Wednesday's Bailout Special: It's a 'New York Style' Keeneland pick

October 08, 2019 06:12pm
During Keeneland’s Spring Meet, I introduced my “Bailout Special” which, simply, is a handicapping piece that highlights which horse I think will win each card’s finale.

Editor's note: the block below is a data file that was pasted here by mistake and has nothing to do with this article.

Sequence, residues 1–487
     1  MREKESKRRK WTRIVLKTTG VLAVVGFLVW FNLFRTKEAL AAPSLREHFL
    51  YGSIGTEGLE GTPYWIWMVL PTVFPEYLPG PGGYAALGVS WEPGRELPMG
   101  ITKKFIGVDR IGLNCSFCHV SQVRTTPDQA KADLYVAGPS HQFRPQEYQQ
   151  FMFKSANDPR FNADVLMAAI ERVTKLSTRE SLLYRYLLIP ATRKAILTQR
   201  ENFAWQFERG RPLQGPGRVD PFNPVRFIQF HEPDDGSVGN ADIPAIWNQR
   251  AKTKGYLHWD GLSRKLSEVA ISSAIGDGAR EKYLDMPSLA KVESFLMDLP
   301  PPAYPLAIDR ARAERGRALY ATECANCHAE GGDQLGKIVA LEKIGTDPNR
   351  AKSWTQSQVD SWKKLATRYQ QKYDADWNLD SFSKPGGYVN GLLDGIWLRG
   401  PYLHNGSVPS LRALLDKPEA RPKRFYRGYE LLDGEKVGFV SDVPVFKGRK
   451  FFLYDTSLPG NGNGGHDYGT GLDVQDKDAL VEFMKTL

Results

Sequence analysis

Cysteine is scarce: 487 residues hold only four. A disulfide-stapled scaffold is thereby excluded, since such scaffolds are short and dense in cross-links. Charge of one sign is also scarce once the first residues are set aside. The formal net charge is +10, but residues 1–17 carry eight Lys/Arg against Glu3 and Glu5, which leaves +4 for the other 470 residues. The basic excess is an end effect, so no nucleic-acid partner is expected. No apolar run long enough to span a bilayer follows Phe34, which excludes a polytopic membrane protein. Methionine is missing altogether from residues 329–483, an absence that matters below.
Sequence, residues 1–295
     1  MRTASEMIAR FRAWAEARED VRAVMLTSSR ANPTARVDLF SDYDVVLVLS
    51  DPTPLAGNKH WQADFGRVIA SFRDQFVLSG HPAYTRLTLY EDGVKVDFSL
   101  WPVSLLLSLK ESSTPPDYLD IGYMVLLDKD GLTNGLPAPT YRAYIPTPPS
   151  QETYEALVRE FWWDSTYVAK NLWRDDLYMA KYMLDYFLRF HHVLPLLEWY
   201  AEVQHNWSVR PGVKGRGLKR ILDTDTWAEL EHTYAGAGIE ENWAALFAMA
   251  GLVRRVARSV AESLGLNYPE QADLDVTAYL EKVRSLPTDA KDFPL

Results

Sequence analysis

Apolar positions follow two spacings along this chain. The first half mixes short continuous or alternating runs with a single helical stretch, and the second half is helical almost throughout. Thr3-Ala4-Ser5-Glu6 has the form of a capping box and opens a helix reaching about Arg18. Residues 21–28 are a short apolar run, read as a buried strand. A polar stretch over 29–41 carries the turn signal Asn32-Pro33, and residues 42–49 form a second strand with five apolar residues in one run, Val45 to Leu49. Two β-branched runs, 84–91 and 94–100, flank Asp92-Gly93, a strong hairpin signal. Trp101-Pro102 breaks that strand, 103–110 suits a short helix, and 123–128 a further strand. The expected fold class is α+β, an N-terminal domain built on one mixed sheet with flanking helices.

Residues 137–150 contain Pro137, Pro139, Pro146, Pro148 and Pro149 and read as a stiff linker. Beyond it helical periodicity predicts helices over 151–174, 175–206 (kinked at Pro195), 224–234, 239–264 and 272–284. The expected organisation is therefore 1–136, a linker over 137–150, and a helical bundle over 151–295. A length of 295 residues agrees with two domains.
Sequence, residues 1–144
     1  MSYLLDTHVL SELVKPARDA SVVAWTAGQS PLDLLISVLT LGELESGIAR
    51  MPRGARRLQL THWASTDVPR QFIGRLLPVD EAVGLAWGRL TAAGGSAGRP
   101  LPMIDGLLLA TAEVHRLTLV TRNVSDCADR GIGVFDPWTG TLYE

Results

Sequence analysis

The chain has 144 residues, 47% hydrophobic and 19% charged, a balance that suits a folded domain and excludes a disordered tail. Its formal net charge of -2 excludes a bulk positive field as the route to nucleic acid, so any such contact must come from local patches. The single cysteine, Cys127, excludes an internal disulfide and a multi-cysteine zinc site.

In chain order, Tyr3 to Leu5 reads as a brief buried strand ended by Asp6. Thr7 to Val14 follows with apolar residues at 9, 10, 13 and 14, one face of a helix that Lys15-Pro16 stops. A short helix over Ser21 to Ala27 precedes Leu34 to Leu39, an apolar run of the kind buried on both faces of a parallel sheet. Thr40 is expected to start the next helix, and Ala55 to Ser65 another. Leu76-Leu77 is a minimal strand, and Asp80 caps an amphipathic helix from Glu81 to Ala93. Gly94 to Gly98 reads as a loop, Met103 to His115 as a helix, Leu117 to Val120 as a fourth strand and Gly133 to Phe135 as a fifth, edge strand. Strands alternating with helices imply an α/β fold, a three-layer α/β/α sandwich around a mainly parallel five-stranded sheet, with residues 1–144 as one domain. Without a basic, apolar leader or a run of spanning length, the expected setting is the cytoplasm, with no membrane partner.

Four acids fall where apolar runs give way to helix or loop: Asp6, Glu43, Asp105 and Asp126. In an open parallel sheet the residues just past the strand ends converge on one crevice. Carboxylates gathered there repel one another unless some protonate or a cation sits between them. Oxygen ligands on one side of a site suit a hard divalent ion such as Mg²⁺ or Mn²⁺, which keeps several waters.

Had a bad day at the track? Use the “Bailout Special” to get some of that money back. Have a good day at the track and want to finish strong? There’s the “Bailout Special.” Maybe you’re looking for a bold single to end a Pick 4 or Pick 5 sequence. Use the “Bailout Special.” The horse I land on won’t always be the horse with the best perceived value. Neither will it be the horse I think “could win if the pace scenario sets up perfectly.” My selection will be the horse that I think has the absolute best chance to win the race regardless of projected odds. Were some of my winners (I went 7-for-16 in the Spring Meet) the prohibitive favorite? Yes. Were some of the winners so-called easy selections? Yes. But the goal is to pick the winner of the last race of the day at Keeneland every day they run. I’ll have some horses scratch, and if the weather is bad and the finale comes off the turf, there may not be a pick to play. For the first weekend of this fall meet my selections finished second, second and first from Thursday through Sunday. On opening day, I actually chose an also-eligible that made it into the race; my other choice won it. We’ll look for another victory as racing resumes Wednesday. Race 8 $30,000 maiden claiming 3-years old and up 7 furlongs on dirt; post time 4:57 p.m. ET There are only eight races on the Wednesday card and, of course, the finale looks like the toughest one to handicap. We have some horses dropping in class and others that don’t look like they don’t belong. The beauty (or bane, depending on your point of view) of handicapping Keeneland races is that owners and trainers want to run at Keeneland because of the nature of the boutique meet. Sometimes horses get entered in races that they don’t have a chance to win just so the owner can say, “We raced at Keeneland.” There are maybe four or five of the 12 horses in the field that can make quite a case as the race winner. Panforte Di Siena (post 4) is coming off the 84-day shelf after finishing fourth in a sloppy main track $90,000 maiden special weight race at Saratoga in July. Now he’s in for a $30,000 claiming tag. What happened? I’m not going to bet him here to find out. Holly Sun (post 5) is coming off a much longer layoff. He was last seen in February at Laurel where he finished third, beaten by 3 ¾ lengths in a $40,000 maiden special weight race. He had what looks like a decent workout on September 21, but his last racing action was 244 days ago. If he beats us, he beats us. I’m pretty intrigued by Ready and Rich (post 7). He’s dropping from a $50,000 maiden claiming race at Churchill Downs last month when he finished fifth, beaten by 10 ½ lengths. Although he has yet to break his maiden in 16 tries, he has finished second seven times and has hit the board in more than half of his starts. At 10-1 on the morning line, he may have value, but as described above, I’m simply looking for the horse with the best chance to win. Sneads (post 10) checks a lot of boxes for me. He has finished in the trifecta his last two starts, is dropping in class, is cutting back in distance and has shown to run strong late. He would be my second choice. I’m going with New York Style (post 12) as my “Bailout Special” on Wednesday at Keeneland. He only has two career races under his belt, but also has what I feel is the most upside here. He showed speed in his debut and tired in a six-furlong sprint in August at Ellis Park. He gets a pass for that.  In New York Style’s next race for trainer Rodolphe Brisset at Kentucky Downs, he did not break for the early lead, and was held back deep in the pack for most of the race, being unleashed at the top of the stretch. He made up a lot of ground in that mile race, and races at Kentucky Downs seems to measure longer than they actually are because of the undulating nature of the turf course. New York Style was seventh, back 7 ½ lengths at the top of the stretch and made up three positions and about three full lengths to end up fourth beaten by 4 ¾ lengths. He faced quality runners that day. New York Style is the “Bailout Special” play for Wednesday given I feel he has the best chance to parlay his drop in class, cutback in distance and experience with the jockey into a win.

 

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